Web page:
- The U.S. Air Force refused to take delivery of a new KC-46A tanker after debris was found in the aircraft.
- Boeing, the maker of the KC-46A, has struggled with workers leaving debris inside the aircraft.
- The Air Force worries that debris could cause a serious problem for the aircraft in flight, and that unwanted parts could damage the airplane and its systems.
The U.S. Air Force delayed delivery of a new KC-46A Pegasus tanker after finding trash in the new airplane's fuel tanks. The discovery was made in tankers bound for Seymour Johnson Air Base. It’s the latest in a series of incidents in which garbage has been found inside the new made tankers, potentially causing serious safety issues.
According to Air Force Times, the debris was found in the fuel tanks of one of two KC-46A tankers being delivered to Seymour Johnson Air Force Base. The first of the brand new planes passed inspection but the second was discovered to have left behind after “non-standard factory rework” at Boeing. Previous incidents of debris took place on the KC-46A assembly line.
The issue first cropped up in 2019, when Air Force inspectors found numerous KC-46A tankers with trash inadvertently sealed into the airplanes. The Air Force stopped deliveries in March and then again in April of 2019. The head of the Air Force’s acquisition program, Will Roper, described the situation as “severe.” Air Force pilots refused to fly the airplanes, citing the potential dangers.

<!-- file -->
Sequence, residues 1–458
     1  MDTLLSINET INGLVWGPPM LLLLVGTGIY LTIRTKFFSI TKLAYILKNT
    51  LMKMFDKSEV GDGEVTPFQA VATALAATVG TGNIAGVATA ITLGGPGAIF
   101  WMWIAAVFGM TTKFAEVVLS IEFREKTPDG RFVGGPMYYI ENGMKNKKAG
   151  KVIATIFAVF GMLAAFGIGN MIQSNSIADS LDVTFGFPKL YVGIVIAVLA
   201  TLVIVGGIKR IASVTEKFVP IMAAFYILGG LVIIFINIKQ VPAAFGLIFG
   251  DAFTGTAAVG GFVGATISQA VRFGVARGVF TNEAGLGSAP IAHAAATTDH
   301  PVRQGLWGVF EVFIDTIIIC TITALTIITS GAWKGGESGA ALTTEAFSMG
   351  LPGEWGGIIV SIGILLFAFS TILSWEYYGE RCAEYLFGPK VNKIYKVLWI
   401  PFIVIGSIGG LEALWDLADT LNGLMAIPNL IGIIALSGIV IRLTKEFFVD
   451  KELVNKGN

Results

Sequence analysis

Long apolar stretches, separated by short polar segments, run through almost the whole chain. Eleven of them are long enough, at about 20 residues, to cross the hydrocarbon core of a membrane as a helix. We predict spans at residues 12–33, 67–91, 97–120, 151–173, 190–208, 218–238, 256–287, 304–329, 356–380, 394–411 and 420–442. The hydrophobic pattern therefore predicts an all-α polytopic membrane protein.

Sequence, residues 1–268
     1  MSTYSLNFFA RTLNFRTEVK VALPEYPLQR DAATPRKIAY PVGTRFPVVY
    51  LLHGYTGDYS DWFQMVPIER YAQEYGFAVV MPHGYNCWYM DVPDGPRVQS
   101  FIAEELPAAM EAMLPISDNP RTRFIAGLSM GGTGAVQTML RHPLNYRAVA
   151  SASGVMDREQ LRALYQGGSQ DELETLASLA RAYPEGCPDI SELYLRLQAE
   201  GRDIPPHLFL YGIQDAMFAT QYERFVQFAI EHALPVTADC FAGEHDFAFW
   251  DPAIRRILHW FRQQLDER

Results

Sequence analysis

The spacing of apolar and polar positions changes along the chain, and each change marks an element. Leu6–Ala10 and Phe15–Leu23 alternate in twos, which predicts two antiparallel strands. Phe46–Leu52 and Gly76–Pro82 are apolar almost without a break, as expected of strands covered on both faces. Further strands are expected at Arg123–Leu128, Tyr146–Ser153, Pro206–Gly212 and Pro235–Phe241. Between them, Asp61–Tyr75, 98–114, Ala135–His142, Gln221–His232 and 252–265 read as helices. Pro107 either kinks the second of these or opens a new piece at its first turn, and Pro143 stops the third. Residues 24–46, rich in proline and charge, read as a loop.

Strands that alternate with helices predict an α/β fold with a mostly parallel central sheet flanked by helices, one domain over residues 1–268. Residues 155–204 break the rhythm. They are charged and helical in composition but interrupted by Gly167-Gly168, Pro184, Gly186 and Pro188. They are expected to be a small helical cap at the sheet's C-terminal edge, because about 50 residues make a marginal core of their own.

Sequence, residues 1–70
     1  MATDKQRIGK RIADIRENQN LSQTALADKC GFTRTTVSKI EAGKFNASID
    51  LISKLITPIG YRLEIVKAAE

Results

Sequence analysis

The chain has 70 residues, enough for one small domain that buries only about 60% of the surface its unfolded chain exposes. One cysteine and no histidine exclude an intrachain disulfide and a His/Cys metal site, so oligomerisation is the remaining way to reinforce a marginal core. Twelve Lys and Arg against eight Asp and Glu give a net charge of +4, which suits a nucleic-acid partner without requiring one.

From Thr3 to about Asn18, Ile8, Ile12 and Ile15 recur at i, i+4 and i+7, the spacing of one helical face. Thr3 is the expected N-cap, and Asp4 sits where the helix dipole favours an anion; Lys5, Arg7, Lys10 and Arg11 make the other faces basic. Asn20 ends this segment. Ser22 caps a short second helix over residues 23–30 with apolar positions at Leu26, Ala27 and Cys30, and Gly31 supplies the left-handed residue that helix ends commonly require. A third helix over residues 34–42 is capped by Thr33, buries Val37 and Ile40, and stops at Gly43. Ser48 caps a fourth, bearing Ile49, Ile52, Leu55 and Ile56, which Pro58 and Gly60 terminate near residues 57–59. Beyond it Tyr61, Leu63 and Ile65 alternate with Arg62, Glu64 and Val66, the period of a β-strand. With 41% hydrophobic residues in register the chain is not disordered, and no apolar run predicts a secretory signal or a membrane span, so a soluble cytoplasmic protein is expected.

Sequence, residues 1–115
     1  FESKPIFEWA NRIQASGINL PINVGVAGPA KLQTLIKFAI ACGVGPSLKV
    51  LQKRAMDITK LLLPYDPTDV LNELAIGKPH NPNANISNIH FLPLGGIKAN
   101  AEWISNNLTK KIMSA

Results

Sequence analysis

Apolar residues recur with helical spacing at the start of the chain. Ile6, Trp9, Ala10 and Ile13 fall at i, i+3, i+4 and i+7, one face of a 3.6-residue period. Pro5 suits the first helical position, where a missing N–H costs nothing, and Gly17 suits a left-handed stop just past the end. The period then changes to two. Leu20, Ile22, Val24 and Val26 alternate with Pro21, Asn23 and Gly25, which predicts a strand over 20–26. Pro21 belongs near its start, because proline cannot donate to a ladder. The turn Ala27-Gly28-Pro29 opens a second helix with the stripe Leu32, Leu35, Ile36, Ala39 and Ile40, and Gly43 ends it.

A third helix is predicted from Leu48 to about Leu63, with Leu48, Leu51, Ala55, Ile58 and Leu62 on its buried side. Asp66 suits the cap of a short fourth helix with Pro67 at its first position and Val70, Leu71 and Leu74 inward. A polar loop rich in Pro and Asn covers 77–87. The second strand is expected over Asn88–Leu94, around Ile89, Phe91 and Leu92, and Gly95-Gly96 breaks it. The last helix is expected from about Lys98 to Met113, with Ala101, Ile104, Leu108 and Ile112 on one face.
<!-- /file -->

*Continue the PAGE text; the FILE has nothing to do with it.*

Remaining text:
The debris has included “aluminum shavings,” hand tools, loose nuts, “rubbish,” and other items that inspectors worried could damage electrical wiring, leading to system failures in flight. The problem is mirrored on Boeing’s civilian aircraft assembly lines, where tools, rags, titanium shavings, metal nuts, tubes of sealant, a string of lights, and even a ladder were found left behind in 737 MAX aircraft.
The KC-46A is the Air Force’s first aerial refueling tanker in more than 30 years and is based on the Boeing 767 jetliner. The Pegasus can carry up to 212,299 pounds of fuel up to 65,000 pounds of cargo, or some mix of the two. The service plans to purchase at least 179 of the tankers.
The KC-46A has suffered from other problems, including issues with its fuel probe and the remote vision system that allows the crew to refuel aircraft. The KC-46A has racked up $4.6 billion in cost overruns over the life of the program. Boeing will have to swallow those overruns per the terms of the contract.
Source: Air Force Times
Update--Statement from Boeing: During Boeing’s thorough inspection process prior to delivery, some small manufacturing debris was discovered by a Boeing quality inspector. That prompted us to perform additional inspections prior to delivering the aircraft. Boeing will take all the necessary time required to deliver the highest quality aircraft to the Air Force, but we do not anticipate a significant delay. We are working with the Air Force to determine the delivery schedule.
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